Today Reclaim the City will be celebrating three years organising for land and housing in Cape Town at 6:30 pm, Cissie Gool House.
In October 2018, the City of Cape Town obtained a High Court interdict against any further occupation of the Cissie Gool House, in Woodstock. Part of this interdict mandated the City and Reclaim the City to compile a list of occupiers living at Cissie Gool House who should be protected by the court order. A list was compiled and over 700 residents are now living at Cissie Gool House.
The court order affirms that the 700 residents living at Cissie Gool House are guaranteed a roof over their heads for the foreseeable future. This is a small victory for us because everyone on the list will continue to live in the occupation. Everyone can come in and out as they please and also bring in furniture to make it their home. This gives us a measure of dignity that we have not had for years.
Residents at Cissie Gool House have struggled to find affordable housing, they have been evicted or could no longer afford the rent. Families often feel ashamed if they are evicted, but it is a systemic housing problem and a symptom of the failure of government, we believe there can be no just eviction in a housing crisis. Right now, Cissie Gool House is the only place where poor and working-class people can find alternative accommodation. Since Reclaim the City was founded, we’ve faced hostility from those who think we are radical for asking for housing on well-located public land. The movement has successfully reclaimed three public buildings on prime land in our efforts to resist displacement and build solidarity. In this spirit, our movement has grown immensely since then.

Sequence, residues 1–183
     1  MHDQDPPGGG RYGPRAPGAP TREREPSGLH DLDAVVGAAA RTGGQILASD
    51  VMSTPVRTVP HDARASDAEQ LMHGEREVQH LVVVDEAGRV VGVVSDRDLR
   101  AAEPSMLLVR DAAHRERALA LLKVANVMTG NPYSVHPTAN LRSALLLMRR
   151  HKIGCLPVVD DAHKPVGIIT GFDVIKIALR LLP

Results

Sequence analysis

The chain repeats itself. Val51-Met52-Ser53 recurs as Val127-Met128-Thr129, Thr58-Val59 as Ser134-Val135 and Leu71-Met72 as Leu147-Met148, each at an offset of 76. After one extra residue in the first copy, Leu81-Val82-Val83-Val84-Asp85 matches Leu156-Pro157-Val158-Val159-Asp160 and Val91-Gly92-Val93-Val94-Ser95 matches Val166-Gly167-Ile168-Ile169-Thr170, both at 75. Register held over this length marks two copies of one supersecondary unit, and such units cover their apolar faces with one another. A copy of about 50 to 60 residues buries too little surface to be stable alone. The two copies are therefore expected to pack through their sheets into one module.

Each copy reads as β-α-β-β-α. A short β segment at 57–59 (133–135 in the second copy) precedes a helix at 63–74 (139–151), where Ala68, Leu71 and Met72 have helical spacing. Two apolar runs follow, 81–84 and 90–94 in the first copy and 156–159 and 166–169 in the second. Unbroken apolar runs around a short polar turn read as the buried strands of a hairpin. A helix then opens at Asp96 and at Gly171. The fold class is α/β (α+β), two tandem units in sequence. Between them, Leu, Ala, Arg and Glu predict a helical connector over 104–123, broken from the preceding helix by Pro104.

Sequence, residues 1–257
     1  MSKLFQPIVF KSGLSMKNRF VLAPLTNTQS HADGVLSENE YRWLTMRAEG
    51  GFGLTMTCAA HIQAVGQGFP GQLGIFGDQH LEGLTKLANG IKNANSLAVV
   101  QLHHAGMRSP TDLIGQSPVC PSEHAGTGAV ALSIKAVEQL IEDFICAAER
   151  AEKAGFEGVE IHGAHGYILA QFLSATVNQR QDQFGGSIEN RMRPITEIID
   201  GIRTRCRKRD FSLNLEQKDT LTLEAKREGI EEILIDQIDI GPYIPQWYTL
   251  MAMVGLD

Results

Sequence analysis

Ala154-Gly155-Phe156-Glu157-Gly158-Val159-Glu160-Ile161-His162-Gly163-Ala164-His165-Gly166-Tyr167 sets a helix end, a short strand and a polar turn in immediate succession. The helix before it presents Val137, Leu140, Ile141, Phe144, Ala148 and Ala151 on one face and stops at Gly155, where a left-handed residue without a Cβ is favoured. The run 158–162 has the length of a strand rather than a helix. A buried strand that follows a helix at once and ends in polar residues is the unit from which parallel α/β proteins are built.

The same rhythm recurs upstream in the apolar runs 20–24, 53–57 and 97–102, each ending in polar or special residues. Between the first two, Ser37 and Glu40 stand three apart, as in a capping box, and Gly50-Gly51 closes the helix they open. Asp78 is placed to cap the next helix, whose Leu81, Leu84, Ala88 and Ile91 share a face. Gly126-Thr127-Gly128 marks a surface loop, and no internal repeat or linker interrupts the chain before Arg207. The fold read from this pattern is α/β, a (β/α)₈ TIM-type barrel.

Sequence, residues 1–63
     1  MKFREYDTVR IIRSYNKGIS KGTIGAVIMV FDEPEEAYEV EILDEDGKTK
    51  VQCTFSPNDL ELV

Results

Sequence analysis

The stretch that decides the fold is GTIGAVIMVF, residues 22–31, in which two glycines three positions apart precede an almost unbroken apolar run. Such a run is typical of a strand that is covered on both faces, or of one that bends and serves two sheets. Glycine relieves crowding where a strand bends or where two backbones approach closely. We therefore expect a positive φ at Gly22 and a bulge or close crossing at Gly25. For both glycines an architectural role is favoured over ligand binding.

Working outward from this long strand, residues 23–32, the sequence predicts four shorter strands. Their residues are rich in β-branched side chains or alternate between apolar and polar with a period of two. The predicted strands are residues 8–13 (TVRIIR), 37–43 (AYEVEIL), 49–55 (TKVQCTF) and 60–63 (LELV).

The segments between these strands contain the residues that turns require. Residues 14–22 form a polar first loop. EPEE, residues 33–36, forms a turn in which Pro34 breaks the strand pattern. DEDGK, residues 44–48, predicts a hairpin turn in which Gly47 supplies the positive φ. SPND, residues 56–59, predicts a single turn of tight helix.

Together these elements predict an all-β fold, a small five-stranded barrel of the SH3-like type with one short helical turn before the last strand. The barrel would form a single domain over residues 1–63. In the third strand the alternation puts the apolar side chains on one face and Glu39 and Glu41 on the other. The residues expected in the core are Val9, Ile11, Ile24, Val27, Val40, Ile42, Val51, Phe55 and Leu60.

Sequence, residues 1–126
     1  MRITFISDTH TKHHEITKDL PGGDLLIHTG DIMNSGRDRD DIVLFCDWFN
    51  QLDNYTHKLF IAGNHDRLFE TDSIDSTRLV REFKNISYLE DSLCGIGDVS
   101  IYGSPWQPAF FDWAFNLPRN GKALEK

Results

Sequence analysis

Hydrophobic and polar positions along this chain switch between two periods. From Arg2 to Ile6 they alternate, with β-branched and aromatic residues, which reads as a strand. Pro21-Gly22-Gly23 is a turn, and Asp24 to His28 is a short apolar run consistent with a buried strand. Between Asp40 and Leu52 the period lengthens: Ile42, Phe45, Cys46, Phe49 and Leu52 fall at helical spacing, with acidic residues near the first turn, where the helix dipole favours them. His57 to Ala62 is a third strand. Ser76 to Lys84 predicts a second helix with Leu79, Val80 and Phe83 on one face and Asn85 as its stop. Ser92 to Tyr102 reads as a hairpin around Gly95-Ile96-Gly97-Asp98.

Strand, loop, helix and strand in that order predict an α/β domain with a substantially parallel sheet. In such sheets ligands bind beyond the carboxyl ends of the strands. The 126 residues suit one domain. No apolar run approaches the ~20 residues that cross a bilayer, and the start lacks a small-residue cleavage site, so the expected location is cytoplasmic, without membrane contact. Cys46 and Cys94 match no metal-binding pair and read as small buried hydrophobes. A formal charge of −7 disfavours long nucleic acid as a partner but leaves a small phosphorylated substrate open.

The occupations are Cissie Gool House, Ahmed Kathrada House and Irene Grootboom House.
Cissie Gool House in Woodstock, in the process of being brought by the City of Cape Town, is named after the anti-apartheid and civil rights activist who was the only woman to serve on Cape Town’s City Council at a time when she did not have the right to vote.
Ahmed Kathrada House, owned by the Provincial Government, in Green Point is named after the anti-apartheid stalwart who served jail time while fighting against the apartheid regime.
Irene Grootboom House on Darling Street in the inner city was a housing activist who won a landmark judgment in the Constitutional Court affirming the states obligation to provide housing in an emergency, yet died living in a shack. In November 2017, Irene Grootboom House caught fire and made many residents left for destitute. Today the building, owned by National Public Works, is derelict and forgotten and has been declared a problem building by the City of Cape Town.
All three spheres of government have failed to redistribute public land for affordable housing. At the Courts, the City still refuses to provide alternative accommodation in well-located areas for evictees despite a commitment to roll out transitional housing with a policy. Commitments and promises to build affordable housing in Salt River, Woodstock and the inner city have so far come to nothing. Council dragged its feet on the decision to dispose of public land for social housing at Salt River Market, and officials have still not opened any of the tenders for other parcels.
Reclaim this land. Reclaim all public land. Reclaim the City.